New evidence has emerged in the fourth week of Dominic Johnson's trial for the murder of David Grunwald.

A video investigators have known about for almost two years, but were unable to find in the suspect's social media records and the records of other people involved but not charged in the case has been recovered.

Johnson is one of four people accused of beating and killing of 16-year-old Grunwald on the night of Nov. 13, 2016.

A jury convicted co-defendant Erick Almandinger on nine counts, including first-degree murder, earlier this year.

That's when the topic of the video first came up, but Alaska State Trooper Sgt. Tony Wegrzyn said investigators never saw the video for themselves.

On Thursday, troopers arrested 18-year-old Andrea Cullington on a material witness warrant after she failed to respond to a subpoena to testify in Johnson's trial.

State prosecutors met with Cullington that afternoon where she showed them the video that was sent to her after the suspects had been arrested.

The video initially came from a juvenile who said it was time-stamped Nov. 13, 2016 at 5:26 p.m., which would have been just a few hours before Grunwald was killed.

Judge Gregory Heath read a transcript of the video.

"First of all it's an indiscernible line," he said. "Then (it) goes 'As hard as I can, in the head just to try to hurt him, just to try to f---ing hurt him.'"

(Viewer warning: Explicit language)

The juvenile, whom KTVA cannot name because she's underage, testified the video was taken in her shed, but she couldn't remember if she was the one who recorded it. She admitted to being on drugs and alcohol at the time and said she couldn't recall the events clearly.

She believed the other suspects in Grunwald's death — Almandinger, Bradley Renfro and Austin Barrett — were also in the shed at the time.

Palmer District Attorney Roman Kalytiak said the video showed Johnson's state of mind the day Grunwald was killed, as well as the other suspects' reaction.

"The video definitely shows people are getting amped-up when he is talking about doing this," Kalytiak said. "Others are chiming in and repeating his last phrase, 'Just to try to f---ing hurt him.'"

Defense attorney Lyle Stohler objected to the video being admitted as evidence for several reasons, including the content of the video and the late notice of its finding.

Stohler asked for a long continuance of the trial so he could determine how to proceed, then asked for a mistrial.

"They're trying to say this is a confession of my client admitting to the assault. We've been preparing for this trial for quite some time. There's been extensive motion work done in this case," Stohler said.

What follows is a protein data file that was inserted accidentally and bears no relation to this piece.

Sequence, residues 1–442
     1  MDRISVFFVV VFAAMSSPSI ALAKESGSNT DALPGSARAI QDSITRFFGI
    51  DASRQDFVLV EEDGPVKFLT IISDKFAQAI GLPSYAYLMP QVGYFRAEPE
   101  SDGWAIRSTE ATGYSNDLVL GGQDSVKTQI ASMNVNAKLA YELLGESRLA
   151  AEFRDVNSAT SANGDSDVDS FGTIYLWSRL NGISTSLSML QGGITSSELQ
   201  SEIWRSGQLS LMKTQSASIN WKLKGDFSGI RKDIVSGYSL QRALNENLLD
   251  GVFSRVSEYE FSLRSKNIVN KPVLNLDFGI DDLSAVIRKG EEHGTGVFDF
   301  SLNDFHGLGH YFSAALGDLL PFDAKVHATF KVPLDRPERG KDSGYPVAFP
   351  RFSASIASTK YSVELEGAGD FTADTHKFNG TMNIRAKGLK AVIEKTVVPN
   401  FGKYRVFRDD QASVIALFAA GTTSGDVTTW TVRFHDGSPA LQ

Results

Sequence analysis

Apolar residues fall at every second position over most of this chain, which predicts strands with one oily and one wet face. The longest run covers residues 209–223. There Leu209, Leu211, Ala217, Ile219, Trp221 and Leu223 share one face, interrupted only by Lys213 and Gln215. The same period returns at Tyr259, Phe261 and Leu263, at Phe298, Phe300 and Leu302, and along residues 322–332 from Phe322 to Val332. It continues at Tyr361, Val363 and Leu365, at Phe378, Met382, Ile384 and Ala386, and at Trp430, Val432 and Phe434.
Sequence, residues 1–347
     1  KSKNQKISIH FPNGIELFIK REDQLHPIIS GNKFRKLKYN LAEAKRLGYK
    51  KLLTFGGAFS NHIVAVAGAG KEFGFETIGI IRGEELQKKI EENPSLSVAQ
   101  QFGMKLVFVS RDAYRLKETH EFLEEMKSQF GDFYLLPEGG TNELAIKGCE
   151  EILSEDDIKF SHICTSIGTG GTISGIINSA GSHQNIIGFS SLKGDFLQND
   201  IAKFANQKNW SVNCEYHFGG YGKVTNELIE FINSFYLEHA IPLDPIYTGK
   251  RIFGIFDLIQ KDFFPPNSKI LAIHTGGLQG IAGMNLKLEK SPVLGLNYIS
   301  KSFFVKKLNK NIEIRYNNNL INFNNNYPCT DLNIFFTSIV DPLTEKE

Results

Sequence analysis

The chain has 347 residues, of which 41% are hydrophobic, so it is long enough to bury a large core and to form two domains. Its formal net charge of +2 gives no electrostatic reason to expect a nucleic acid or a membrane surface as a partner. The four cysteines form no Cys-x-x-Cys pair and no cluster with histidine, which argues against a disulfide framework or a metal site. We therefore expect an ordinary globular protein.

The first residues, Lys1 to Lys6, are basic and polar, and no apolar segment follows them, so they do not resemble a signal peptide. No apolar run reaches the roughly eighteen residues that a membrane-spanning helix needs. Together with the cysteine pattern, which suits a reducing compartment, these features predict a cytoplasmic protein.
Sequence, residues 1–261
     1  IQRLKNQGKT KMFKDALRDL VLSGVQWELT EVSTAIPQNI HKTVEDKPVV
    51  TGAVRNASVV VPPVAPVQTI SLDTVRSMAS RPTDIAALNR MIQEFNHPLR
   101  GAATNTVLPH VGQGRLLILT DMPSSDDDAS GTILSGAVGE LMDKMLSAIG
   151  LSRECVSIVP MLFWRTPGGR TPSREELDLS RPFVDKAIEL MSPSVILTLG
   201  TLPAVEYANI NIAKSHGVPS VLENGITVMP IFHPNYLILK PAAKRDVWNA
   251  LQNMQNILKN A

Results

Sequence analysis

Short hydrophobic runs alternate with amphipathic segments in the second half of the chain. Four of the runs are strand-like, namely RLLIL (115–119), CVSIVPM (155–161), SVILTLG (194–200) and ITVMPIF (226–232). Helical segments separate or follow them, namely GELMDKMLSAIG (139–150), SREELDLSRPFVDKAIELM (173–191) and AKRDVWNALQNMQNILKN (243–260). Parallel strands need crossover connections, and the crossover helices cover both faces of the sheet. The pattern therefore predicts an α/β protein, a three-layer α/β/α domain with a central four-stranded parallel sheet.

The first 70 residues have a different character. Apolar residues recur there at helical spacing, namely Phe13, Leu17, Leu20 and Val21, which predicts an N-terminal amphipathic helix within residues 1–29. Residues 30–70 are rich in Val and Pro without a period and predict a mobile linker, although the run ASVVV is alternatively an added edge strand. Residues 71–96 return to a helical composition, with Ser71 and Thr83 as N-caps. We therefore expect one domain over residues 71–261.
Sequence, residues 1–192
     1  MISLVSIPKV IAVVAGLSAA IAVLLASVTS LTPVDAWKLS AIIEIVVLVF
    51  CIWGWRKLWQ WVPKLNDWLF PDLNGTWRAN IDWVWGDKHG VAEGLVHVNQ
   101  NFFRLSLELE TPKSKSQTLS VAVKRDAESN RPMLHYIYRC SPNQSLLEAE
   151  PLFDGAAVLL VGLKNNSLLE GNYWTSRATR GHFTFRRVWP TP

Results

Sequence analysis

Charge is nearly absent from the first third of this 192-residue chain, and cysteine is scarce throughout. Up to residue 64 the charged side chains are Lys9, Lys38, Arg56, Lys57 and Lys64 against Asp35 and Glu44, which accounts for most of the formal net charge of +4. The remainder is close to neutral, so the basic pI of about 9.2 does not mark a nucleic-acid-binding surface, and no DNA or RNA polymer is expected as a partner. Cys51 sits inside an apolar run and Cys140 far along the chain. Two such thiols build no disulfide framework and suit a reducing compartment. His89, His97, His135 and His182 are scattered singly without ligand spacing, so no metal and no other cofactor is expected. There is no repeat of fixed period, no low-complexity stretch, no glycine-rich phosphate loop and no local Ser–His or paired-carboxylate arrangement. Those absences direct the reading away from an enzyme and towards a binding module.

The discussion about whether the judge would allow the video as evidence dominated the entire afternoon. Heath excused the jury as attorneys on both sides argued their case, at times sniping at each other.

"We didn't argue it was a confession," Kalytiak said.

"They argued...let me speak," Stohler said.

"Not if you lie..." Kalytiak responded.

"It's funny being called a liar by this man," Stohler said, pointing at the district attorney.

"Okay, stop it, gentlemen," the judge intervened.

Wegrzyn, the trooper who testified about the video, was called in to discuss why investigators weren't able to find it sooner. He said the clip did not appear in any of the Facebook or Snapchat records troopers received from their search warrant.

Wegrzyn said Cullington refused to speak with investigators when she was initially interviewed in March 2017.

"To this day, I'm still surprised we have that video," Wegrzyn said.

On Snapchat, Wegrzyn noted, any messages that are sent expire seconds after they're received.

"When we didn't find it on any search warrants, it really wasn't a surprise to me. We figured it had gone into Snapchat abyss and was never to be found," Wegrzyn said.

Cullington was also brought to the witness stand to testify about where she found the video. She explained it was in a Snapchat conversation with the juvenile witness.

Throughout her testimony, she looked over to Johnson several times.

Cullington said she had shown the video to Johnson's mother, Misty Johnson, the day she received the message.

"I assume you were Dominic Johnson's friend. Why would you show that to his mother?" Kalytiak asked.

"I guess I wasn't thinking clearly due to the fact I was under (the influence of) substances," Cullington said after a long pause.

After the witness testimony, Heath ruled the video would be admitted as evidence.

"Clearly it's probative of what was going through the mind of Dominic Johnson the night this occurred," Heath said. "He's talking about injuring someone and doing a violent act in the head to hurt an individual. He doesn't say the name David Grunwald, but that can be open for argument."

Heath said the video would be played for the jury on Wednesday, giving Johnson's defense time to determine how it will proceed with the case.

Correction: An earlier version of this story stated that David Grunwald was killed Nov. 13, 2013. The date was actually Nov. 13, 2016. This has been corrected.

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